Cellular senescence in tissue damage response, cancer, and aging

Dr. Valery Krizhanovsky, Department of Molecular Cell Biology


The accumulation of damaged cells in tissues leads to tissue destruction and cancer. Elaborate mechanisms occur to limit expansion of the damaged cells and also to ensure their elimination from the tissues.

Cellular senescence, a stable irreversible form of cell cycle arrest, is a mechanism which limits the proliferative potential of cells.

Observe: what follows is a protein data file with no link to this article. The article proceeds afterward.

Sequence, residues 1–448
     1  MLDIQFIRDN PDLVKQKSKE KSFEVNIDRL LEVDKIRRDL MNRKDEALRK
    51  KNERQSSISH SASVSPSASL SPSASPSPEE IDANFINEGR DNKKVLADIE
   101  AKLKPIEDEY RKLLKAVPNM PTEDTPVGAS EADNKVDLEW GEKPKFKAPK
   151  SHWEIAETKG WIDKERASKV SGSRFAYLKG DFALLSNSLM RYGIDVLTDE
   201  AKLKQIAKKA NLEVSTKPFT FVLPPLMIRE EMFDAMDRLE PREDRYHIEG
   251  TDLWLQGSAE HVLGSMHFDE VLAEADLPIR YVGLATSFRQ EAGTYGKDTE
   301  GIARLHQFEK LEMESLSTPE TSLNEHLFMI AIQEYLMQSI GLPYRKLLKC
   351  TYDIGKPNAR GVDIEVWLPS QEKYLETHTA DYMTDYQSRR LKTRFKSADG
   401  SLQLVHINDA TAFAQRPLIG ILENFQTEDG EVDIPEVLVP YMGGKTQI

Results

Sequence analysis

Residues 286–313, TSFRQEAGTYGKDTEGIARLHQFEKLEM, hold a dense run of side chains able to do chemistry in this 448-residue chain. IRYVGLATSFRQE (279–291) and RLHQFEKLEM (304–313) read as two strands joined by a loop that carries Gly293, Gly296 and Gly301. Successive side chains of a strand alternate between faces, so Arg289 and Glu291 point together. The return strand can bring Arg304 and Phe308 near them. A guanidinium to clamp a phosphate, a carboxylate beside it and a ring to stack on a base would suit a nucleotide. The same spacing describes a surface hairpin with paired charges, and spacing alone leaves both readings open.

Cellular senescence is a potent barrier to tumorigenesis and contributes to the cytotoxicity of chemotherapeutic agents. With age, senescent cells have also been observed to accumulate in human tissues.

Senescent cells present and secrete a variety of factors to their microenvironment. These factors affect a tissue homeostasis and can either interfere or support the normal function of the tissue.

In order to understand the role of cellular senescence in tissue damage, cancer, and aging, Dr. Krizhanovsky is working to uncover the mechanisms of interaction of the senescent cells with their microenvironment.